When he got to Notre Dame, Corey Robinson ’17 didn’t know what to major in — because he wanted to major in everything. He met with advisers in more than 20 departments, considering everything from Arts and Letters pre-health to Irish language and literature to aquatic biology. And he still wasn’t sure. That’s when his advising dean suggested the Program of Liberal Studies.
Deak, an associate professor in the Department of History, was awarded the 2018 Austrian State Prize in History for his book, Forging a Multinational State: State Making in Imperial Austria from the Enlightenment to the First World War. The Karl von Vogelsang State Prize, awarded by the federal minister for science and industry, recognizes outstanding achievements in the field of the history of social science.
With renowned musicians on the faculty, new opportunities to participate in student-led music groups, and a beautiful new home for the department in O’Neill Hall, it is an exciting time for piano students at Notre Dame. The program is full of extremely students who possess not only exceptional performance skills but also outstanding intellectual ability and a strong desire to pursue the balanced blend of performance and scholarship that makes the Notre Dame music major distinctive.
Now a program of the Los Angeles Times Foundation, the prizes are dedicated to honoring literary luminaries, championing new voices and celebrating the highest quality of writing from authors at all stages of their careers.
The Department of Film, Television, and Theatre is broadening the scope of its theatre program with two new faculty members — Tarryn Chun and La Donna Forsgren. Chun specializes in the modern and contemporary periods in Chinese theatre, as well as the intersection between technology and the arts. Forsgren focuses on African American theatre and performance, dramaturgy, and black feminist theories.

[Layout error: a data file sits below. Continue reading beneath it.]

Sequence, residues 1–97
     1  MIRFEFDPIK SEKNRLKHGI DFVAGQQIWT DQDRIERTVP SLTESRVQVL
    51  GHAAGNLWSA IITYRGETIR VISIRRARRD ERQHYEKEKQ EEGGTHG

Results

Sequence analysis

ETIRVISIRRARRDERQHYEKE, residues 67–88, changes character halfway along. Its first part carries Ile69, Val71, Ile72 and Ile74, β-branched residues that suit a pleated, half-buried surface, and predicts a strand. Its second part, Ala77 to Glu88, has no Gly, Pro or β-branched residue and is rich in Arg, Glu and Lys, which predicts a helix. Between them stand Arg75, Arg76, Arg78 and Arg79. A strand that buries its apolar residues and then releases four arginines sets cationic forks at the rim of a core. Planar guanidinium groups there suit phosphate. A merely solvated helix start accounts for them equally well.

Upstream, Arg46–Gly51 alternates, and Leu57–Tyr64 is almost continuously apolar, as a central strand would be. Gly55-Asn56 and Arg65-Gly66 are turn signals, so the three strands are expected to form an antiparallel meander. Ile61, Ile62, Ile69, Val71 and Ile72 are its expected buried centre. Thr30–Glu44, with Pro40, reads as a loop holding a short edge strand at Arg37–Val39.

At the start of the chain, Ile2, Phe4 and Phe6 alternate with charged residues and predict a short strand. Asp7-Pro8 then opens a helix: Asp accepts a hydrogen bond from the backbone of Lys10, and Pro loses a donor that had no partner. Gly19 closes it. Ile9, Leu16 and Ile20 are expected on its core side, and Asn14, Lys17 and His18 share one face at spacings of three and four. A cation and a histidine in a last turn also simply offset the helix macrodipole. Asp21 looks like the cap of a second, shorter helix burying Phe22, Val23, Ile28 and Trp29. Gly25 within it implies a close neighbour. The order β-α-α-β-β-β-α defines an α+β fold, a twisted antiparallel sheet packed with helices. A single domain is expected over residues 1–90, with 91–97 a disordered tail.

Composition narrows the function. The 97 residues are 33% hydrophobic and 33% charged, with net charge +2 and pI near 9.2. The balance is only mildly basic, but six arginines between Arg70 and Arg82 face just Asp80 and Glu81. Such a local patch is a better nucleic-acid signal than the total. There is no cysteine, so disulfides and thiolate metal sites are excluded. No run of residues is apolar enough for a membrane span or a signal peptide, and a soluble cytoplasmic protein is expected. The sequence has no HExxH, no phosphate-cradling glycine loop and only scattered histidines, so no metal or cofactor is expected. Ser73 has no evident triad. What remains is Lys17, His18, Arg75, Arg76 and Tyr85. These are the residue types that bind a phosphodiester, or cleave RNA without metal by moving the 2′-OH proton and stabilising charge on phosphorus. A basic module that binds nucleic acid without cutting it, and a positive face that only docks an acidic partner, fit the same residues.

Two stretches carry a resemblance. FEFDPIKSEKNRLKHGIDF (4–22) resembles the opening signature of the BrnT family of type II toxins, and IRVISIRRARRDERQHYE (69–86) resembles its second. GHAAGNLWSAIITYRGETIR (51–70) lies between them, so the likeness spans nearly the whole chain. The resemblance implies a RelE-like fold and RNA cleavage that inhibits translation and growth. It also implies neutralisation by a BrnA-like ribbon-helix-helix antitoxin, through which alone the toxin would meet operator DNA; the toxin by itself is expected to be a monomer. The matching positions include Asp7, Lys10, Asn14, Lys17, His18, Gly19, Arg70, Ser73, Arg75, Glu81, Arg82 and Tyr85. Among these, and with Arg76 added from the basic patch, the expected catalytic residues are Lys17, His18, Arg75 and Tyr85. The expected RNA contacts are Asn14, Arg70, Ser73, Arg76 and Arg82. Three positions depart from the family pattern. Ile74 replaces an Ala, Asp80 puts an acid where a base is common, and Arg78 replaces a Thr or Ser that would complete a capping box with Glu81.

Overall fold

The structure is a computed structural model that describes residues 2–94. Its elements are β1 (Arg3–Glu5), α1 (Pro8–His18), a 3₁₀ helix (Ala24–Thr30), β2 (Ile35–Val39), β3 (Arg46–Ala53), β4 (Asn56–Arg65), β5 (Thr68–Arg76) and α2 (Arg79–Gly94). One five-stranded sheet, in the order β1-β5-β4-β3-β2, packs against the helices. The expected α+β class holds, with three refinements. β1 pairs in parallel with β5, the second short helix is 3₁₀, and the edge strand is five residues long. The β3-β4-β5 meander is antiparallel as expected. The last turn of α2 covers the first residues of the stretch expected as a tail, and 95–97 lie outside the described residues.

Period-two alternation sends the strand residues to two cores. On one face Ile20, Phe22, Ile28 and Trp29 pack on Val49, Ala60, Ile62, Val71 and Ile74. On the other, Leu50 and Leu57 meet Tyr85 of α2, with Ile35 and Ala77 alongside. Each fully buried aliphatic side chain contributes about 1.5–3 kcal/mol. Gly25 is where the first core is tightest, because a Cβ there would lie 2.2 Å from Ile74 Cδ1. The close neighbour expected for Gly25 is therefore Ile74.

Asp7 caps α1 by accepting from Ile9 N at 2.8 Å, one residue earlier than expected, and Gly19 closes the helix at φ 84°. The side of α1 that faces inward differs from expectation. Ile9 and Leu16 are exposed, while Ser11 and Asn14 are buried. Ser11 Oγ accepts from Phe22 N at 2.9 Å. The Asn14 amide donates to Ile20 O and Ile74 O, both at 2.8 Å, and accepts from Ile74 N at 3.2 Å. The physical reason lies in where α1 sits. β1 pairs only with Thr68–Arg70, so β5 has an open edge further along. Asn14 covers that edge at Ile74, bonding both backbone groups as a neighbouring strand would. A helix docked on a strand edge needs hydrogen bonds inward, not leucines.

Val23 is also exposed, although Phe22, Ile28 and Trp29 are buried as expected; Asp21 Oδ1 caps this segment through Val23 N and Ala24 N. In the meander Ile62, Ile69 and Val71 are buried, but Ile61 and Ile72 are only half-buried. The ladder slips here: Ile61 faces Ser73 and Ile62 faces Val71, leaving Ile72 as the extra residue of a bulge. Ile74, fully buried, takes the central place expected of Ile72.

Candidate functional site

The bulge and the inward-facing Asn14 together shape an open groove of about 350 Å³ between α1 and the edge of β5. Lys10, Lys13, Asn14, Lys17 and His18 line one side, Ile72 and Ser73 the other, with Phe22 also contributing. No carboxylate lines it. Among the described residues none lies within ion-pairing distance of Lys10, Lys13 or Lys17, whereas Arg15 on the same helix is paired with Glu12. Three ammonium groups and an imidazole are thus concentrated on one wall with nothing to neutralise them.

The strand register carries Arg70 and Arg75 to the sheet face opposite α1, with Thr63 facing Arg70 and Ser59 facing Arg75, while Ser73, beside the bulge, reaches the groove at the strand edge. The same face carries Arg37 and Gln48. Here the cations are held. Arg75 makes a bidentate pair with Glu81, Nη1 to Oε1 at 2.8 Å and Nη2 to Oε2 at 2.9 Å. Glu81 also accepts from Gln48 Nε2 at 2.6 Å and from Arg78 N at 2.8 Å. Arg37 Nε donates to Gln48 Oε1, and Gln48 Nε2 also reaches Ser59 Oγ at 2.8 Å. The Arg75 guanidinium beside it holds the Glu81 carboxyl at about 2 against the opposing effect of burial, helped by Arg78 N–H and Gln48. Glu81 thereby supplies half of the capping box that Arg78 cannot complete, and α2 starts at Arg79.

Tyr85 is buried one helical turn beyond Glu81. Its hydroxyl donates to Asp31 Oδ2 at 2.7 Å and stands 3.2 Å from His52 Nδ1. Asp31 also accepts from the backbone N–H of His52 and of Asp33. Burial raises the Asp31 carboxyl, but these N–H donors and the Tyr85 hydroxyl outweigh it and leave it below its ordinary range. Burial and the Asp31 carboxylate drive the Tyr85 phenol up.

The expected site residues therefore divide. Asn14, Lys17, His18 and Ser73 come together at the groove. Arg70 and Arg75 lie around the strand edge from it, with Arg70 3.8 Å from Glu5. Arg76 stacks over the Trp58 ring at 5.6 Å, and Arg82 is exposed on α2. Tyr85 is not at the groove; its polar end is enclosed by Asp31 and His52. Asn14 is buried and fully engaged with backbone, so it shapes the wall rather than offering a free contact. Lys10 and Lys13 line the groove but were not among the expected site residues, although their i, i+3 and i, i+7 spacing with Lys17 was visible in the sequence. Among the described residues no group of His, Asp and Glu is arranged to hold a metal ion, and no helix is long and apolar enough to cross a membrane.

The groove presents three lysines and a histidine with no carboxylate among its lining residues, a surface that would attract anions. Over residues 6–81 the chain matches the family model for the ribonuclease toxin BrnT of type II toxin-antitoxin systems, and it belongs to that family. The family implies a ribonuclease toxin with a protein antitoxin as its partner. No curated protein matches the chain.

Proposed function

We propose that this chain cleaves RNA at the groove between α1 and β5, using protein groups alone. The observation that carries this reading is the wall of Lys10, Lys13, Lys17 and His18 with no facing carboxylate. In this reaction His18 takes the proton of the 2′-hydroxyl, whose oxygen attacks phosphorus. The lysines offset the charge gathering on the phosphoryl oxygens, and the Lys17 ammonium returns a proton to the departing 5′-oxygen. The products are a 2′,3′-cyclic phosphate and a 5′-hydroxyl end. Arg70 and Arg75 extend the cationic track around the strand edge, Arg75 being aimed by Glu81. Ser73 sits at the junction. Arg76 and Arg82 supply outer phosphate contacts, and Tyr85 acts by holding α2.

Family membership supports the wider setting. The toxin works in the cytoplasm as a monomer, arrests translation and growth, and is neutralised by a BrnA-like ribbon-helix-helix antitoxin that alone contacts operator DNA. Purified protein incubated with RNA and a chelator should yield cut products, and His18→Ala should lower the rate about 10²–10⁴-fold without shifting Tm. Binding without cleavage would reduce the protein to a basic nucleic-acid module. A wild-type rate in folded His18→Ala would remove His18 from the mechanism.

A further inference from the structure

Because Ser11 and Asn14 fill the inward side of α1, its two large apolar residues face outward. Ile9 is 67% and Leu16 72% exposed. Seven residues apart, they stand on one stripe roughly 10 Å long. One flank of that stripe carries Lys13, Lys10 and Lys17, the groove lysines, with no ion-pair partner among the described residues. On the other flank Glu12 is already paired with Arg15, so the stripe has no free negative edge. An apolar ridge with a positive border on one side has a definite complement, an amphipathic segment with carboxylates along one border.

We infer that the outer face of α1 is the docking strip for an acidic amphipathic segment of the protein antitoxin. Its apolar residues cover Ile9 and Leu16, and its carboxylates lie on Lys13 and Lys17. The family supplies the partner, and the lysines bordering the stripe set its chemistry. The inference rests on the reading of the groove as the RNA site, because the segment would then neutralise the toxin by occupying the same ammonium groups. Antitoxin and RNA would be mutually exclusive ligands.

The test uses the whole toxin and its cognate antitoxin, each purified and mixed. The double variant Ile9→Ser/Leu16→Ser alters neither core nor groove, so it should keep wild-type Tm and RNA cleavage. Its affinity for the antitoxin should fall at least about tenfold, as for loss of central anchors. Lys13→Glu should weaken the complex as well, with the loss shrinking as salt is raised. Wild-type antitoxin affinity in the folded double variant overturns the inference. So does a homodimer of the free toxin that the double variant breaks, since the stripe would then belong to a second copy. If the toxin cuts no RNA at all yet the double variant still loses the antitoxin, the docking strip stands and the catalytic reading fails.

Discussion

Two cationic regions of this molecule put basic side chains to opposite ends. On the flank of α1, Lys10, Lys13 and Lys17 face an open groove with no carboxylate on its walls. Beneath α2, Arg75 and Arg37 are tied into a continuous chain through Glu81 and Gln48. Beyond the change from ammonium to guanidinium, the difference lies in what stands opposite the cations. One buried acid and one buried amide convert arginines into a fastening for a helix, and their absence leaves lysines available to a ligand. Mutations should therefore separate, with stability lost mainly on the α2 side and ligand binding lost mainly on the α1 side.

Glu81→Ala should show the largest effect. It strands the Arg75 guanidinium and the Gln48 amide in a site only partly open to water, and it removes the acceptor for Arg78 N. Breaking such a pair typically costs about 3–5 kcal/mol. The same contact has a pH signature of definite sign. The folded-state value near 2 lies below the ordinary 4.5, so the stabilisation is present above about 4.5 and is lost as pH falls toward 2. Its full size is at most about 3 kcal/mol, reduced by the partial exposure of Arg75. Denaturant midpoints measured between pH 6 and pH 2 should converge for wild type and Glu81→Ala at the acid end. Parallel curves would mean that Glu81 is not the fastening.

In anthropology, “snowball sampling” refers to growing the number of participants in a research study by asking subjects to refer friends and acquaintances. For senior Candice Park, it was her research experiences at Notre Dame that snowballed, as each opportunity led her to the next — culminating in her senior thesis for the Department of Anthropology.
Notre Dame graduate student Mallika Sarma has done fieldwork in the mountains of Nepal and the forests of Congo. She’s traveled to remote villages accessible only by helicopter, speedboat, or days of hiking. She dreams of conducting research in space. All in search of data on how humans adapt to extreme environments.
It started two years ago with a handful of Notre Dame undergraduates and a desire to share their love of music. Today, that passion has resulted in two thriving student groups — the Classical Music Club and the Composers’ Consortium — with more than 200 members.
In this Q&A, Paige Ambord discusses her research on how local artists use social media to rebrand South Bend, why she's interested in the process of urban revitalization, and why she hopes to highlight the role of average citizens in urban redevelopment.
The College of Arts and Letters is launching a new, interdisciplinary minor in data science. Housed in the Department of Sociology with support from the College of Engineering’s Department of Computer Science and Engineering, the program will be open to students in any college. “Data science impacts every industry today,” said Sarah Mustillo, professor and chair of sociology. “It is becoming increasingly important for solving problems and making decisions."
For a team of Notre Dame psychologists, virtual reality is more than a game — it is the next frontier in mental health treatment. Nathan Rose, Jennifer Hames, and Michael Villano are conducting research on the use of virtual reality environments in exposure therapy for participants with a fear of heights. The technology also holds promise for treating phobias like the fear of flying and post-traumatic stress disorder.